There was a time when marketing to mothers meant exclusively targeting Baby Boomers and Generation X. However, for businesses or organizations interested in reaching this audience, millennial moms are a group that can no longer be overlooked. As a millennial mother herself, Reed Public Relations founder and president Lauren Reed understands that having great organizational skills, managing time wisely and setting aside moments to relax and enjoy life are all qualities that are required of mothers today. Reed joined us on The Ghidotti Podcast to share her tips for marketing to the expanding audience of millennial moms. 

Understand Your Target Audience

While the strategy for reaching a new audience of mothers may be different, the initial approach remains the same. Before you can ever start reaching millennial moms with blog posts, videos, podcast episodes and other valuable content, you must first understand exactly who you are trying to reach. What is the role of a millennial mother, what are her biggest needs and how can my business or service provide help? These are just a few of the questions that need to be answered to gain a true understanding of your target audience and how to reach them. 

“I’m kind of an old-school PR person and I think that whatever tools and trends we have, it all goes back to the story, the content and knowing your audience and what they are looking for,” Reed said. “As we really dig into those demographics, it becomes less about how we get in front of them and more about the story we’re telling.”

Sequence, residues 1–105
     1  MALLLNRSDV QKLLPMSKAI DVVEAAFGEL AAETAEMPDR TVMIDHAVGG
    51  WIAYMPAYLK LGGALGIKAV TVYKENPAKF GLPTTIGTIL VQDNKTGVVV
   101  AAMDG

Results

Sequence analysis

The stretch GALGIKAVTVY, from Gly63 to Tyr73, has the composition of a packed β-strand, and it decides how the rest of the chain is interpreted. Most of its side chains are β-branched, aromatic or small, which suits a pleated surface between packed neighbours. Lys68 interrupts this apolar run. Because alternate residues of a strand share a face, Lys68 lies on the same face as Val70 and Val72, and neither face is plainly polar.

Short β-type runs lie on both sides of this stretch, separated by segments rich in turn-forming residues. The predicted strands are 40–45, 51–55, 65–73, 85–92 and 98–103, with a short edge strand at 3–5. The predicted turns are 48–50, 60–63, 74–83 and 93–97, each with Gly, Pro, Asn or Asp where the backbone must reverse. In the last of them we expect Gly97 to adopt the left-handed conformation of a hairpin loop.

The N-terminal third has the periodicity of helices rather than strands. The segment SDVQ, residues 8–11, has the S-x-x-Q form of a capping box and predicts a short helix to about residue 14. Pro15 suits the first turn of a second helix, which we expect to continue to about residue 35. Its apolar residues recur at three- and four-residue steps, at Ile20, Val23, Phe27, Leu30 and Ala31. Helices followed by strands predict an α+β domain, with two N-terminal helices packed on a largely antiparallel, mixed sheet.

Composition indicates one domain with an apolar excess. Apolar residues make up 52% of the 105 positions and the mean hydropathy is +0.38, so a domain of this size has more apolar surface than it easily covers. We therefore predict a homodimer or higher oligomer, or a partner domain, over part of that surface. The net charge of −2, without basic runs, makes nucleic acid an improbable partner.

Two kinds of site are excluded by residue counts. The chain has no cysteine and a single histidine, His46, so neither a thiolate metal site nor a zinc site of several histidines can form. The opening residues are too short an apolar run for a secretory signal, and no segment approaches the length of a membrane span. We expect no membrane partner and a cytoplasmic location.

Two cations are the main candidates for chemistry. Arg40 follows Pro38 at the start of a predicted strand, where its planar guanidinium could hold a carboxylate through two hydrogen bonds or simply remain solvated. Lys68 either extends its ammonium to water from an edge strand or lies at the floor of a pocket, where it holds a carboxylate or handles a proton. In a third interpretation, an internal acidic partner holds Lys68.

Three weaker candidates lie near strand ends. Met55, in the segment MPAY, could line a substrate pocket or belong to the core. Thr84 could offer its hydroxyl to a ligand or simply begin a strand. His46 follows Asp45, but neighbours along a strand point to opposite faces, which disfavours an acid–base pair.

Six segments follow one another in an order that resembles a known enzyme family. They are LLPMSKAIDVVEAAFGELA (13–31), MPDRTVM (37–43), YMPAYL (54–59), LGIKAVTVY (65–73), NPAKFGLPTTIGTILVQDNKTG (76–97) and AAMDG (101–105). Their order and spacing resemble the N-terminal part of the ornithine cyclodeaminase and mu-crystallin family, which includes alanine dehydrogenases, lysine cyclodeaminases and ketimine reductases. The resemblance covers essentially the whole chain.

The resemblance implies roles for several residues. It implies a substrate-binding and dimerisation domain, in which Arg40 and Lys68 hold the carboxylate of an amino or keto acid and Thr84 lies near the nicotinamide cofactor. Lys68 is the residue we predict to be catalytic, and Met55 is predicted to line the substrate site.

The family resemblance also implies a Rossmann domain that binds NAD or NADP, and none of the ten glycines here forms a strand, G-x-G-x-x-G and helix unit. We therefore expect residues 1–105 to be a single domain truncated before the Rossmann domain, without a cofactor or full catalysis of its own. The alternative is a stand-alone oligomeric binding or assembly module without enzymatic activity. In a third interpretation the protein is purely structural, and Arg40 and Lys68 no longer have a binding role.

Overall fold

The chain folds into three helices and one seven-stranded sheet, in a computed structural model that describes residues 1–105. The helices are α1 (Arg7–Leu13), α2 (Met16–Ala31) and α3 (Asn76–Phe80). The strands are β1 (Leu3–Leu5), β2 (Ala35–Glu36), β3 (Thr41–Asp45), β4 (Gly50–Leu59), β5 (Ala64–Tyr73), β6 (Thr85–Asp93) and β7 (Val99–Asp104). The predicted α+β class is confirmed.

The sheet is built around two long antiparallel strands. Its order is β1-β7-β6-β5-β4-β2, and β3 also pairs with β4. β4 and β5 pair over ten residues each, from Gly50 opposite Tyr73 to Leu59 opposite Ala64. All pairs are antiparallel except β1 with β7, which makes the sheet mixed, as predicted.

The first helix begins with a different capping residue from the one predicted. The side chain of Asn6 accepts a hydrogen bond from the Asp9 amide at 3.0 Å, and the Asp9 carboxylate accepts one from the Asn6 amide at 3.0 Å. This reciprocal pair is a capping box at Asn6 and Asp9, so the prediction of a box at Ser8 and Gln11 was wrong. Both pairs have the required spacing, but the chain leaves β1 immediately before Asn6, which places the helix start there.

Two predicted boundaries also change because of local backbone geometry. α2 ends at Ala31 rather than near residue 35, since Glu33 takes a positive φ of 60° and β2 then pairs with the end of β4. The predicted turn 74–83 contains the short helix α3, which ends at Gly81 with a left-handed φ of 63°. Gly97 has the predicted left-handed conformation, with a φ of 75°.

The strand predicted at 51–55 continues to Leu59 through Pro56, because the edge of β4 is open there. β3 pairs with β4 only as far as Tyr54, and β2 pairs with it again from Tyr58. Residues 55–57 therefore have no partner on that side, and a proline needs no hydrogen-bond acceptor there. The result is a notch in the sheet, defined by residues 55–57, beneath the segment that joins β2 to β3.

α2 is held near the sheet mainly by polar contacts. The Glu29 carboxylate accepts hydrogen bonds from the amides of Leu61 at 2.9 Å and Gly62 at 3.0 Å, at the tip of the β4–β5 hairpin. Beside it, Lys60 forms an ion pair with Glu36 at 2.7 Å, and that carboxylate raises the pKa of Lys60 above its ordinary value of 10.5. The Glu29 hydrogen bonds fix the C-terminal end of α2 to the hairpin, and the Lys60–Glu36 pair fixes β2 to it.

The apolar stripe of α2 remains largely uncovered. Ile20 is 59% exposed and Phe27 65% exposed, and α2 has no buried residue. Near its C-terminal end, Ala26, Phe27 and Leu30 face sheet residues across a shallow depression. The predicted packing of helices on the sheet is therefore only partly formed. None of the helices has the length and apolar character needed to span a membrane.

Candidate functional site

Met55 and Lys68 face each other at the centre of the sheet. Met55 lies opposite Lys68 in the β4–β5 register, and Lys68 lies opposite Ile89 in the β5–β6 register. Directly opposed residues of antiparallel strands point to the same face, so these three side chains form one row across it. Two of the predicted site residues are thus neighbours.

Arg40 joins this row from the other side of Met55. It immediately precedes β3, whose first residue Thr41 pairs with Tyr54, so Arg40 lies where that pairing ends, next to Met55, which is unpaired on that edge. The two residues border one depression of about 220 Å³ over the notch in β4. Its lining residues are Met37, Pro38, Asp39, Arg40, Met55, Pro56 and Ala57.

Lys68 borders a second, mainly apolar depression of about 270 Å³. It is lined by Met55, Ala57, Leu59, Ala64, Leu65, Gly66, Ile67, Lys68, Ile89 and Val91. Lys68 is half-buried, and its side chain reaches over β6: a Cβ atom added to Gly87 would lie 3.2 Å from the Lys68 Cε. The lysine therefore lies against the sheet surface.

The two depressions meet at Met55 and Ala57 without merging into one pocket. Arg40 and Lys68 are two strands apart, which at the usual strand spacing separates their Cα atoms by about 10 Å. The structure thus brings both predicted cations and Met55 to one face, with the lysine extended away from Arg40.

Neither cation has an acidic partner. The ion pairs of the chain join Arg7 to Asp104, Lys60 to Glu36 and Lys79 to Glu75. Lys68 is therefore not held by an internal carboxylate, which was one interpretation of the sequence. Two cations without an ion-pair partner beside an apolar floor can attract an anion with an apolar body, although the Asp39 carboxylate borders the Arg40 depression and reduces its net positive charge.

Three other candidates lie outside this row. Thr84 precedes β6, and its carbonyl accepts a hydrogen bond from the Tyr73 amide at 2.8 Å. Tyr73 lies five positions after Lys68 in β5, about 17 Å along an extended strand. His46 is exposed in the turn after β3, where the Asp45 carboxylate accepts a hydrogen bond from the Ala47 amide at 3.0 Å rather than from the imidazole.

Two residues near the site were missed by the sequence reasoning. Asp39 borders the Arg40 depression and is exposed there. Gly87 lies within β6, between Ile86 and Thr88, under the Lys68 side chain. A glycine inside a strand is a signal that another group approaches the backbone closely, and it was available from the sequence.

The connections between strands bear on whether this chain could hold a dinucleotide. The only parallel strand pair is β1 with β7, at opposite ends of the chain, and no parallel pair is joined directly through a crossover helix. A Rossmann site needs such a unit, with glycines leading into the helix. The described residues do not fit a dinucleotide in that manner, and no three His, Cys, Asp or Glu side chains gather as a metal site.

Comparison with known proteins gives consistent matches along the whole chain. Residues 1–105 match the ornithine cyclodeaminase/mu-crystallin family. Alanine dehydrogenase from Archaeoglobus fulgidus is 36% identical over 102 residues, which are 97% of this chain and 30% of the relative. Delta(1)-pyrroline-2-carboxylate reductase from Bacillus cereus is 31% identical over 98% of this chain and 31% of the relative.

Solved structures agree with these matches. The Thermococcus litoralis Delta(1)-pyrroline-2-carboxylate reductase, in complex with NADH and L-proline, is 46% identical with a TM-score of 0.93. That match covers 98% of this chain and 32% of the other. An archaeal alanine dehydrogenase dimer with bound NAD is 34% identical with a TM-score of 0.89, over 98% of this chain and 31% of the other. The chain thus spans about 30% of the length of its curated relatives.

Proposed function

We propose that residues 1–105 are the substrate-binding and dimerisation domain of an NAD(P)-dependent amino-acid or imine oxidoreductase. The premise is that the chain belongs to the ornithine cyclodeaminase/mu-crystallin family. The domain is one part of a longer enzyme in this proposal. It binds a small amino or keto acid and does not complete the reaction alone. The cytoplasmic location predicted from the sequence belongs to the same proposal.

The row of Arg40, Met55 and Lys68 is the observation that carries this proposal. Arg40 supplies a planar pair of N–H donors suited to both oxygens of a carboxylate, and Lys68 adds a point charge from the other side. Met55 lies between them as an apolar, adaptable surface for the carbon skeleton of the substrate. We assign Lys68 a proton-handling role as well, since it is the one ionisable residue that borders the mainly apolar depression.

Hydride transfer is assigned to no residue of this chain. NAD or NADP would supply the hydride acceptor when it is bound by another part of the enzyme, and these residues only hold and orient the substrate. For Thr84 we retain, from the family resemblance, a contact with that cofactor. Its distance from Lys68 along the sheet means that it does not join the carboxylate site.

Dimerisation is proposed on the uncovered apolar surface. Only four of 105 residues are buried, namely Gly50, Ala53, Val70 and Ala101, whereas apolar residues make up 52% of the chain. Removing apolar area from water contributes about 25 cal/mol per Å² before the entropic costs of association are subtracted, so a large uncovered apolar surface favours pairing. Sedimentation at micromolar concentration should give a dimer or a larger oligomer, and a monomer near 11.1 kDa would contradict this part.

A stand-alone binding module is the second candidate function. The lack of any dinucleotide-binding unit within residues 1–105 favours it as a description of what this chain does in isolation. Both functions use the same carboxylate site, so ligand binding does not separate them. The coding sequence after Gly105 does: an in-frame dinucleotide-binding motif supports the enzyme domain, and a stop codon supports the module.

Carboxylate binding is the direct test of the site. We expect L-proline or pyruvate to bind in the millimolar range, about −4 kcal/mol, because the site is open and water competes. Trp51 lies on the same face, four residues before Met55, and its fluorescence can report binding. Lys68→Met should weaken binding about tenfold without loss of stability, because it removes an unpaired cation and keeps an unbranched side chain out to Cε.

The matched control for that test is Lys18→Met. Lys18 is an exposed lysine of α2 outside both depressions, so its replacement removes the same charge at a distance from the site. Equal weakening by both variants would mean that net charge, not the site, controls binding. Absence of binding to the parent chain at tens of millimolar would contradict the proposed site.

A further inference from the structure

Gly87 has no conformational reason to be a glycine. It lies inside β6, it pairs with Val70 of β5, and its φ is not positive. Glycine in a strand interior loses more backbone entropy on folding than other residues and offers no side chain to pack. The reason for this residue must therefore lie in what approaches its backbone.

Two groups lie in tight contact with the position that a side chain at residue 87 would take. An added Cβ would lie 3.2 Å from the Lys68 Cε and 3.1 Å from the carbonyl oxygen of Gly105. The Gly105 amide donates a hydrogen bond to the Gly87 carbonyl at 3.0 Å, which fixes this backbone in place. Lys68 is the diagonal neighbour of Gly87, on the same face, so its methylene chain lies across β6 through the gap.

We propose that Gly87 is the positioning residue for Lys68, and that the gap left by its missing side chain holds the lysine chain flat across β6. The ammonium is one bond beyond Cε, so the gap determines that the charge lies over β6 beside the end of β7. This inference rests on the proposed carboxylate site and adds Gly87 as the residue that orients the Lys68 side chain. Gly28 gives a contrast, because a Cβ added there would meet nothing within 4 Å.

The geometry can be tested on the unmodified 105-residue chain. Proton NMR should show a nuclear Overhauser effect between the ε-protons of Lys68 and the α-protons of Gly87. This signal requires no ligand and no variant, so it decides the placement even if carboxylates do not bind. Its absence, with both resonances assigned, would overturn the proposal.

Meet Them Where They Are

The life of the millennial mother is not for the faint of heart. Much like Reed, millennial moms are often juggling numerous responsibilities for their families and their careers while wearing many different hats along the way. Marketing to millennial moms means understanding the challenging and often chaotic life they live, and developing a strategy to meet them where they are with valuable and relevant content. 

“Something that has really changed over the years is that now millennial moms wear so many different hats,” said Reed. “Even for the mothers who stay at home, it’s not the same as it was twenty years ago. Our kids are so active and there’s always so many different things going on. Parenting feels like much more of a verb today than it did before.” 

Be Intentional With Content

Part of understanding the busy lives of millennial moms and how to meet them where they are is knowing the importance of quality over quantity when it comes to content marketing. Anybody who has gotten lost scrolling through Instagram, Facebook or Twitter knows how easy it can be to spend hours at a time on various social media platforms. However, standing out in the mind of a millennial mom requires more than just a pretty picture or funny video to catch their attention. 

“Millennial moms don’t have time for that right now,” Reed said. “Because of that, they have very high standards for what they do consume. There’s no mindless scrolling on Instagram or mindless scrolling on Facebook. The content has to be really intentional, thoughtful and make their lives easier.” 

Provide Help

Whether they are running a business like Reed or spending their days as a stay-at-home mom, the life of a millennial mother is fast-paced and constantly moving. From homework and studying to sports practice, dance recitals and other extracurricular activities, there’s always something to do or somewhere to go for millennial moms. That’s why providing help is the easiest and most effective way to stand out from the crowd and develop a connection with the millennial mothers in your target audience. 

“These mothers are just trying to make everything happen and we are all trying to do the best we can, while jumping from thing to thing,” said Reed. “The content millennial moms are looking for is the content that makes their lives easier. It may seem like something simple like sharing a recipe on TikTok, but it makes their life easier. Parenting is a verb these days and we’re going from board meetings to field days, trying to do it all.”